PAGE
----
Microfilms come up shortly

Updated: 2012-05-21 07:55

By Raymond Zhou (China Daily)

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Revenue generation

Microfilms may generate a large number of Internet hits, but they are hopeless at generating revenue. China's online population has an aversion to paying for digital content and that means commercial sponsors have become involved.

Most websites fund their microfilm programs with money from advertisers, such as Youku partnering with the electronics company Philips or Sina with Samsung. The advertisers get their money's worth through product placement.

Microfilms come up shortly

Zhu Yuchen (left) and Zhang Jingchu in a scene from the quartet of works produced by the Hong Kong-based filmmaker Ho-Cheung Pang. Provided to China Daily

As China's regulators crack down on television commercials, limiting their running time, the number of spots available has been greatly reduced and rates have shot up. Meanwhile, television viewers are migrating en masse toward the Internet, where their favorite soaps are streamed without any technical or commercial hiccups or a weeklong wait for the next episode. Chinese advertisers have found a new niche in the form of online microfilms.

Websites also have an incentive to embrace microfilms, because television shows that used to charge a nominal licensing fee have greatly increased their prices.

A typical work can cost as little as 10,000 yuan ($1,600) or as much as 1 million, according to Hu Ge, whose short film The Bloody Case of a Steamed Bun, a 2006 spoof of director Chen Kaige's epic movie Promise, is considered a precursor to the current wave of microfilms.

The Orange Hotel chain spent 30,000 yuan on its first advertising film, which took one week to produce. The five-minute film was watched 400,000 times in the week it was uploaded and was forwarded 10,000 times, said Chen Zhong, the chain's marketing manager. The hotel's whole series of 12 shorts cost no more than 1 million yuan.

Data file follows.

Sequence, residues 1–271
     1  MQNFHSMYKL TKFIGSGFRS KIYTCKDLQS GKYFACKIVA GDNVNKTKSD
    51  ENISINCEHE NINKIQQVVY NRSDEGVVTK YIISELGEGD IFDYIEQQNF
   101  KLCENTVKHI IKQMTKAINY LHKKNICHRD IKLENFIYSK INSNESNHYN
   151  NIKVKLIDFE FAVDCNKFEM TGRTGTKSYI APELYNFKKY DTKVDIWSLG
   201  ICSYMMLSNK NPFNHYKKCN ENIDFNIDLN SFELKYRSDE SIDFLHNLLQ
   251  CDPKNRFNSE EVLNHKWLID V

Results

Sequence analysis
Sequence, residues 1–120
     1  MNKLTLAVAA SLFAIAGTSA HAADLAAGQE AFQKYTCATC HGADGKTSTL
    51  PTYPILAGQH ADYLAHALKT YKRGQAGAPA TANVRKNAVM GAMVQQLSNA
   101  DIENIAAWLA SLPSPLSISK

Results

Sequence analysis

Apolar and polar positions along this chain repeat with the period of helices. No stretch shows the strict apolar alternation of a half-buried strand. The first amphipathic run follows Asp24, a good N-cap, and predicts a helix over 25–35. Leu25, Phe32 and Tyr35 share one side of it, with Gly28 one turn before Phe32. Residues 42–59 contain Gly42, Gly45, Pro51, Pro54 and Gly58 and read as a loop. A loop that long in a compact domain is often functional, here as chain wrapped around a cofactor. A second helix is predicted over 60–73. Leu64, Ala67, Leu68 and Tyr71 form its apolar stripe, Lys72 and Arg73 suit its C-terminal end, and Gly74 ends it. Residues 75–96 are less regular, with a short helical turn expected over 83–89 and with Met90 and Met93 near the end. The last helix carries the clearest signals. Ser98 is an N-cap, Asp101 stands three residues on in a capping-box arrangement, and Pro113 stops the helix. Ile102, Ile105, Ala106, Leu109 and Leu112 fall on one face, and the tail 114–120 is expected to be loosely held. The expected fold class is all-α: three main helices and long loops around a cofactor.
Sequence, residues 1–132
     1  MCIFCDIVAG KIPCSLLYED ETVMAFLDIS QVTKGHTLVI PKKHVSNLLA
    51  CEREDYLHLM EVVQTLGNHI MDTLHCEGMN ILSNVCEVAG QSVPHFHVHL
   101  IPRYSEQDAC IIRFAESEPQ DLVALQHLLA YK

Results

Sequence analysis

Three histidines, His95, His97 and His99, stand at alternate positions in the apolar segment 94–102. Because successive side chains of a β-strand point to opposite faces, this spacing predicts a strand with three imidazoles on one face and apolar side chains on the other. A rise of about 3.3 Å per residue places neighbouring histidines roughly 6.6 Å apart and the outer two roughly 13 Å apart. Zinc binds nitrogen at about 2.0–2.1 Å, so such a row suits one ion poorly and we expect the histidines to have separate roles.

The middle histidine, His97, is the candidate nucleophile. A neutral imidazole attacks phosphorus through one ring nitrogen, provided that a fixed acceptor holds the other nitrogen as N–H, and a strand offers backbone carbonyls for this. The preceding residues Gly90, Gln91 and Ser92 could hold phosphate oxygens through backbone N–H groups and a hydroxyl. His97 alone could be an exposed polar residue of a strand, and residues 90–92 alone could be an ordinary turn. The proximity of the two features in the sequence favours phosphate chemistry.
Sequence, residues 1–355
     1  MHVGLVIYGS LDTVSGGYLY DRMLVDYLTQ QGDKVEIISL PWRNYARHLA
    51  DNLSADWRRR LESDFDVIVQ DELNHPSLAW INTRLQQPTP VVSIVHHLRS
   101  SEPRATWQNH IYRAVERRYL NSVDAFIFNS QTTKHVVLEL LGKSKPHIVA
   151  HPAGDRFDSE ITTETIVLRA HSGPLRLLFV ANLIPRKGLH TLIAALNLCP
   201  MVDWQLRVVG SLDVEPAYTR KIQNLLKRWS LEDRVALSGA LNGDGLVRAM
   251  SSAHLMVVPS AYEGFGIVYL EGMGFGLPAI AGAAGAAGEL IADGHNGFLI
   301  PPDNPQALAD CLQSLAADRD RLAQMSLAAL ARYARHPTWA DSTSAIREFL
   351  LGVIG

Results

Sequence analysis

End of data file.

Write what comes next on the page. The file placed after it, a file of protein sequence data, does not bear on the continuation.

Statistics like this have prompted many companies to jump onto the microfilm bandwagon. But they are also driving most works into the realms of the unwatchable. "Even television commercials can be made interesting," lamented Ho-Cheung Pang, who has been a juror at the Tudou Festival three times. "But so many microfilms look so cheap with their commercial messages and images."

Many advertisers insist on prominent product placements, stipulating details such as each character must be given a close-up shot, holding the product or repeating its slogan. The intrusive commercialism has upset many Chinese viewers. The Beijing News recently described the future of the microfilm as being "hijacked" by advertisers. The Southern Weekly summed up its fate as "born in parody and dying in an overkill of commercials". Hou Zhihui of Funshion said too much advertising is simply "smothering" the genre.

"The microfilm is a Chinese-style gimmick," said film director Zhao Tianyu. "Advertisers want to enhance the appeal of their commercials and websites need a nifty name. It has a story, acting and details, so it should be more alluring."

But the genre may falter before it grows to maturity as it falls victim to a vicious circle. You need money to make a good movie, money that only advertisers are willing to put up. But once the advertiser's intent is incorporated, it generally downgrades the quality of the movie, making it less appealing and also less effective as advertising. Consumers are quickly losing interest in this new form of entertainment, said Ling Ping, a producer and also an editor with an advertising publication.

Huayi Brothers, a heavyweight film and television production company, recently announced that it will partner China Telecom in launching a pay-channel for microfilms. But not everyone is bullish about the prospects for revenue.

Meanwhile, the Chopsticks Brothers are still reaping the rewards from their knockout movie. A stage version of Old Boy will come to Beijing in June, and a television series is also in the pipeline. More importantly for them, their debut feature film is in the works.

Contact the reporter at raymondzhou@chinadaily.com.cn

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